The trend is to reward policyholders with “healthy” lifestyles. Will it catch on in Luxembourg? Photo: Shutterstock

The trend is to reward policyholders with “healthy” lifestyles. Will it catch on in Luxembourg? Photo: Shutterstock

Will--should--the cost of supplementary health insurance be linked to your lifestyle? (The way car insurance premiums change with your driving record?) In Luxembourg, some see big potential here--and others not.

“Generali Vitality,” an incentive programme run by insurer Generali, is probably the most conspicuous programme of its type in Europe. Participants are rewarded for practicing healthy behaviour and sharing information. Launched in 1997 in South Africa, the programme--according to its website--now claims some 10m members worldwide.

The firm has also positioned the programme within the digital transformation of the insurance industry, with apps that track and assess your health metrics via smartphones and wearable tech. Based on what these devices record, you will receive tailored offers. Ultimately, users with healthier lifestyles--“healthier” in the company’s definition, of course--are rewarded.

“Clearly, this is only the first step,” says Martin Eling, director of the Institute of Insurance Economics at the University of St. Gallen in Switzerland, talking about this trend. Eling expects that supplementary health insurance will increasingly resemble car insurance, where people are charged more if they engage in risky behaviour or have had accidents in the past. Allianz has gone hard in this direction in France with its “connected driving” product, a device that monitors your driving and, accordingly, offers premium reductions.

“Although it may be criticised, I believe that young people in good health are interested, especially if they are technophiles,” says Eling of this movement in health insurance.

In Luxembourg, this view is shared by , CEO of the mutual insurance provider Caisse médico-complémentaire mutualiste (CMCM). “Not just for young people in good health,” Secci adds. “There are more and more people who are aware of their health and wear a watch that measures medical metrics. The comfort of feeling better protected, combined with technology, is creating a market with huge potential for incentive programmes in Luxembourg.”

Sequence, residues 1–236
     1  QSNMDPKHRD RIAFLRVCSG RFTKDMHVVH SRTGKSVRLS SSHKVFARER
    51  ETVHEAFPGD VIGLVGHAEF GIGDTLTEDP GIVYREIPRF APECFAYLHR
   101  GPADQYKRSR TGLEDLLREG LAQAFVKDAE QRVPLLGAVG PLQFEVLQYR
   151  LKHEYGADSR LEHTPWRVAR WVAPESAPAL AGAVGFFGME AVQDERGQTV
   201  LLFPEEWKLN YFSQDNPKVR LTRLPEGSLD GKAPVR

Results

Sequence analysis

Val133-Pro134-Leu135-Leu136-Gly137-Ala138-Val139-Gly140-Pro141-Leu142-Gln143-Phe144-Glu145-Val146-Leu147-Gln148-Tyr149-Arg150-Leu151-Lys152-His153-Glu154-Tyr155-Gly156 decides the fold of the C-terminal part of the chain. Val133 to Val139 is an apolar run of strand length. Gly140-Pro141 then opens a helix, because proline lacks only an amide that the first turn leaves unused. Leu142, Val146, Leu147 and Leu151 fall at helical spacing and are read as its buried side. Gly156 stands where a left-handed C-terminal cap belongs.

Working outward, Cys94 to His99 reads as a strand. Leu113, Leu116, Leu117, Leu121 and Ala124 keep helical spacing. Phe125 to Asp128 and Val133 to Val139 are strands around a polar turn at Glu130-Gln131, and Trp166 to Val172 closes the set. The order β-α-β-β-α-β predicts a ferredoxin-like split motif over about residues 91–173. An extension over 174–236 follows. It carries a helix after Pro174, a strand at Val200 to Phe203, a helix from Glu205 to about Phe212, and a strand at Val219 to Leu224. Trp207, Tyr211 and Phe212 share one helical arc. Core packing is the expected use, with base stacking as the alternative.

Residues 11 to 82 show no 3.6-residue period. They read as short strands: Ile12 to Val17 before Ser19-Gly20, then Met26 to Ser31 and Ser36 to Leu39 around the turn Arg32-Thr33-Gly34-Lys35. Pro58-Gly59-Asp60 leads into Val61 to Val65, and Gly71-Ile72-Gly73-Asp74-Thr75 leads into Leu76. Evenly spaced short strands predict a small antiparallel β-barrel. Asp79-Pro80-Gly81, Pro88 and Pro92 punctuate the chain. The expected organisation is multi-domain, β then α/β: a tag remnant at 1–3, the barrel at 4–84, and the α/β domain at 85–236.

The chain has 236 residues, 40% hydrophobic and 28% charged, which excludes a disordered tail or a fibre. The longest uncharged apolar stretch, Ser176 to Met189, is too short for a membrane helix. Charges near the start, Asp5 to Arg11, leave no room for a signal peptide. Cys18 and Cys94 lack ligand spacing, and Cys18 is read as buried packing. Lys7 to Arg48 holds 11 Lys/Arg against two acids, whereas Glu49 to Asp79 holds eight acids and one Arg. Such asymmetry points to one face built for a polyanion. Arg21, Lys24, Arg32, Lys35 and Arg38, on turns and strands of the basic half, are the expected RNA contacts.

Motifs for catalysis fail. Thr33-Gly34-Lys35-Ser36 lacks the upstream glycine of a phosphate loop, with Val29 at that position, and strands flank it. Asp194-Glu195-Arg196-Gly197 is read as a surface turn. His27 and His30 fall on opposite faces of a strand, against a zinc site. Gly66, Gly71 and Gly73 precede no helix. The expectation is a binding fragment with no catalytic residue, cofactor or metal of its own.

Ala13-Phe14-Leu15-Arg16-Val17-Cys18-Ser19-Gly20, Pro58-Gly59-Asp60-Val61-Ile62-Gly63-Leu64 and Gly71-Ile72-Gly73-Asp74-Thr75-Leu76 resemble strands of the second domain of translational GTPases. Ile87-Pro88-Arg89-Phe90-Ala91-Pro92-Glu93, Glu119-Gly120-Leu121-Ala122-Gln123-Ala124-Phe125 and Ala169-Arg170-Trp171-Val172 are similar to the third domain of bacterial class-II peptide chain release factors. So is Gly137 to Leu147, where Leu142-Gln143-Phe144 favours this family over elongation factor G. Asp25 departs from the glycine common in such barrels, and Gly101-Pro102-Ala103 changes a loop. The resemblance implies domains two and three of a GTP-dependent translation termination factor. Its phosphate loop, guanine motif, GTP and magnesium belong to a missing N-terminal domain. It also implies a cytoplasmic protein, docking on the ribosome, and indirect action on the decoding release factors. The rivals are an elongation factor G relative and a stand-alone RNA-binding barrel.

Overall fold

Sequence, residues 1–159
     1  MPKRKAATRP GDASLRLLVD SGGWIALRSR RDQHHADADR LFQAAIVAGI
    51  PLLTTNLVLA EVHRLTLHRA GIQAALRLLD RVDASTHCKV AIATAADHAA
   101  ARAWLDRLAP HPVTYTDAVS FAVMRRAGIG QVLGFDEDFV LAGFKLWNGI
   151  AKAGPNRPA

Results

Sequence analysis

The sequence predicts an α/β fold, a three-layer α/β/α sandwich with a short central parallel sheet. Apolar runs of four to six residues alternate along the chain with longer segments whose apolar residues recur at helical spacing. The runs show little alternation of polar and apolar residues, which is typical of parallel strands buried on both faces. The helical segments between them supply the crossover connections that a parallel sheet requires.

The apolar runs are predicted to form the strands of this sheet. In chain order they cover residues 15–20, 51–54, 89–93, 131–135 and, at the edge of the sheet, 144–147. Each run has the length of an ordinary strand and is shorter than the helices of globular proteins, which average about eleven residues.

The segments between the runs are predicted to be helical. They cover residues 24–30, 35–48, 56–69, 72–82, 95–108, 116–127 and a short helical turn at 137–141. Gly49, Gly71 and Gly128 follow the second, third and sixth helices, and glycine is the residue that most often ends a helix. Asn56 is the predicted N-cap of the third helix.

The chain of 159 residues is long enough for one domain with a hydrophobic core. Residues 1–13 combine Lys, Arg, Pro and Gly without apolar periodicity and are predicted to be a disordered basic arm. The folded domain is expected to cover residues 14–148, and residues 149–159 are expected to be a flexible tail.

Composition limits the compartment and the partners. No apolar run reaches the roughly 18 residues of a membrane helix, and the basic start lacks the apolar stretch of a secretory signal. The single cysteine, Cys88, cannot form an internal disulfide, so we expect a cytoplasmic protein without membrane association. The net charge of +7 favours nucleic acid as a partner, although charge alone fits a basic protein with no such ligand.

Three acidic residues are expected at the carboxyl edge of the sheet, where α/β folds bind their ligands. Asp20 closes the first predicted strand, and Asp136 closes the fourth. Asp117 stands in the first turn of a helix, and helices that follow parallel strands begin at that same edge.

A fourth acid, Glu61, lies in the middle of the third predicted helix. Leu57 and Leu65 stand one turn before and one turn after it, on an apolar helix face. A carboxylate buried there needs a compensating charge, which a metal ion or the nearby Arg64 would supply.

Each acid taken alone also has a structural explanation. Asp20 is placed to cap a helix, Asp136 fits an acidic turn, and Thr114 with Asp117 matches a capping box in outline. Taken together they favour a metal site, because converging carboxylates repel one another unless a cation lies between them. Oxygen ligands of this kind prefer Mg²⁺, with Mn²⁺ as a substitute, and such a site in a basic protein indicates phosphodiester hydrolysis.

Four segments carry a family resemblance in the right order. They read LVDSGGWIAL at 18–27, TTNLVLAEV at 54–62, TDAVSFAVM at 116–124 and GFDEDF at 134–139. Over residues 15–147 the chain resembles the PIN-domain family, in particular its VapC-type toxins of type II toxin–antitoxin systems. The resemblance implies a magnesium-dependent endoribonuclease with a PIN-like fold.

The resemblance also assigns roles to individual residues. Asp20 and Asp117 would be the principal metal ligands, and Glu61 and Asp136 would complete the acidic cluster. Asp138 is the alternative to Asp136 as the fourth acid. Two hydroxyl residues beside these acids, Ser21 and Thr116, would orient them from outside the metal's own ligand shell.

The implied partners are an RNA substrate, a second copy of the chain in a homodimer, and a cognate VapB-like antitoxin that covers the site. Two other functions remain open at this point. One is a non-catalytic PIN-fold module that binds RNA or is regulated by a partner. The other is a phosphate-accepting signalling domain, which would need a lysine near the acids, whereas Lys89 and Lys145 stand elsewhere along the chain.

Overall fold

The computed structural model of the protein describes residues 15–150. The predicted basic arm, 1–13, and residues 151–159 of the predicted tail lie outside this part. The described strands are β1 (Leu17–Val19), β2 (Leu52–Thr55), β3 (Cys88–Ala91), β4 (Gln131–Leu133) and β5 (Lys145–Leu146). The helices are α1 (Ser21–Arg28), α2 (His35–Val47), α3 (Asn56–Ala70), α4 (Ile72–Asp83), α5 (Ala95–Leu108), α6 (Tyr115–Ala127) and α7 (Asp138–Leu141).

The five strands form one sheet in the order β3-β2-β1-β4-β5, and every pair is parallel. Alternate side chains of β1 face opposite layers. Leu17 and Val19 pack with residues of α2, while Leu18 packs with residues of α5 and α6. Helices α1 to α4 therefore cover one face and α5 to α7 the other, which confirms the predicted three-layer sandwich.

Local potential

Does this mean that one day, beyond incentives, the price of supplementary health insurance could be based on our individual behaviour? “With commercial insurers, I can easily imagine it,” says Secci. “With mutual insurers like CMCM, certainly not: we cover everyone regardless of their state of health--we don’t exclude any risk. At most, there will be small favours linked to incentive programmes.”

The CEO of CMCM is not aware of any incentive programmes in Luxembourg that go as far as Generali Vitality. “It has to be said that, compared with our neighbours, our generous social system leaves less room for supplementary health insurance. In the area of prevention, there are a huge number of screenings planned, for example for colorectal cancer from the age of 50-60.”

“Anything that can encourage a healthier lifestyle is good for society,” says Secci, though he also warns of myopic takes: “Beware of abuse--let’s not forget that some people have a natural predisposition to certain illnesses.”

Local limitations

Meanwhile, --managing director of the Luxembourg Association of Insurance and Reinsurance Companies (Aca)--believes that the potential is limited. He points out that the industry has little room for manoeuvre when it comes to offering reimbursements over and above those given by the national health insurance. The leeway that does exist is mostly for dental work and eyeglasses.

More generally, Hengen also says that the bonus-malus system currently on the rise will meet its limit in Luxembourg: “The main principle of private insurance is that pricing must be based on actuarial and statistical elements. When an insurer wants to increase its health premiums, it has to justify this with a well-founded technical dossier.”

And the managing director senses strong resistance to the malus half of that equation. “Nobody wants to hear about [penalties],” he says. “The discussion is tending more towards banning them, as shown by the introduction in Luxembourg--and in other European countries--of the right, for people cured of cancer and certain other illnesses, to have those parts of their past forgotten.”

This article in Paperjam. It has been translated and edited for Delano.